• Finally, animals in the care of private practitioners live in private homes and are not subject to the stress of a shelter or exposure to random infectious diseases that float around an animal control facility.

As a result of the glaring differences between private and shelter veterinary medicine, shelter vets are obliged to focus on disease prevention and the collective health of all animals in the shelter, along with only the most immediate and glaring needs of any one individual. Consequently, shelter medicine is often likened to “herd health management” as practiced by farm vets who must be concerned about large numbers of animals that share pasturage, water, food troughs and bedding. The term of art for this approach to shelter medicine is “population level” medicine to distinguish dogs and cats from herd animals.

So, getting back to the trouble in Texas, the TVBME recently ruled that the same standards of care apply to shelter vets as those applied to private practice, pay-for-services vets despite the world of difference between the two environments and discrepancy of available resources. If upheld in court, this ruling would drive up the cost of shelter medicine and potentially force cash-strapped shelters to cap that type of mandated expense.

The most likely cost-cutting measure that shelters will default to is killing more shelter pets because lurking in the background is a decades-old Texas law that allows shelter staff (with only 12 hours of education) to legally purchase and administer the barbiturate used to euthanize animals. Further, it is not necessary for a veterinarian to be present to oversee the process, making the killing of animals in Texas shelters cheap and easy. If Texas pulls the plug on low-cost shelter medicine protocols and imposes the standards of care applied to private practice, the cost accounting of killing shelter pets versus implementing lifesaving programs will be a calculation that many Texas shelters will be forced to make.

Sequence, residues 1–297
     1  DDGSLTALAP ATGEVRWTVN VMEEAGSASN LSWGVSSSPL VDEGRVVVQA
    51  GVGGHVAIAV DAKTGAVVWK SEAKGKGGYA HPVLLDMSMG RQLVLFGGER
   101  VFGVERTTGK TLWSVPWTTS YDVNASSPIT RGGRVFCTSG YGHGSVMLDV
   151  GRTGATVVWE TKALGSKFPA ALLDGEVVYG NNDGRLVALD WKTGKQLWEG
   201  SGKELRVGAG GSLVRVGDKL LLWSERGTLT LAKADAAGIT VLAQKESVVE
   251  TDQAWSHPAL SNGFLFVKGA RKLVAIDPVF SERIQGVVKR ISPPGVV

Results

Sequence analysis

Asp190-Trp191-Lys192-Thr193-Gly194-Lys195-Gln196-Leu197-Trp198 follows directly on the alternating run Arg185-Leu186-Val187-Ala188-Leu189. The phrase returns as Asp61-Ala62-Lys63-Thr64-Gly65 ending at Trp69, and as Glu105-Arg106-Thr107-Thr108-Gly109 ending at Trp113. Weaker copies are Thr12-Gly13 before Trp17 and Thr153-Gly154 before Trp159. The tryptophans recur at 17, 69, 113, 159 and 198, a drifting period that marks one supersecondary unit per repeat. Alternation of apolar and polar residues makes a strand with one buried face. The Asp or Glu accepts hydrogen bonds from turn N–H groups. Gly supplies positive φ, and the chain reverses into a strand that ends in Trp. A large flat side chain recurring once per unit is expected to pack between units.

Since the consequence of the TVBME ruling will be an increase in shelter deaths, their motivation is clearly not in the interest of animal health and welfare or consumer protection because the consumer in this instance is the shelter. Their actual motivation is unclear, but I suspect that it has more to do with veterinary income than it does with veterinary ethics.

Dr. Jefferson is a champion of low-cost and effective shelter medicine, which she candidly describes as occasionally resembling working in a war zone MASH unit, and is suing the TVBME to reverse this dangerous finding and to formally define the long-standing protection that has enabled shelter veterinary medicine to save lives.

Francis Battista
Co-founder
Best Friends Animal Society

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  • johnbachman

    Court hearing yeaterday. Does anyone know the outcome?

    • MelissaLMiller

      Hi John,

      On Monday, a court session was held in Austin district court but it did not conclude – instead, the two parties entered into discussions with the hope of resolving the issue outside of litigation. Discussions are expected to continue for the foreseeable future.

      Thanks for all you do for homeless pets.

      Sincerely,
      Melissa Miller
      New Media Coordinator

      • johnbachman

        Milissa,
        Thank you very much. I really appreciate it. I wonder if that means that the matter will not even be brought up at the June TSVBME meeting?
        Anyway Thanks again,
        John

  • reneenank@yahoo.com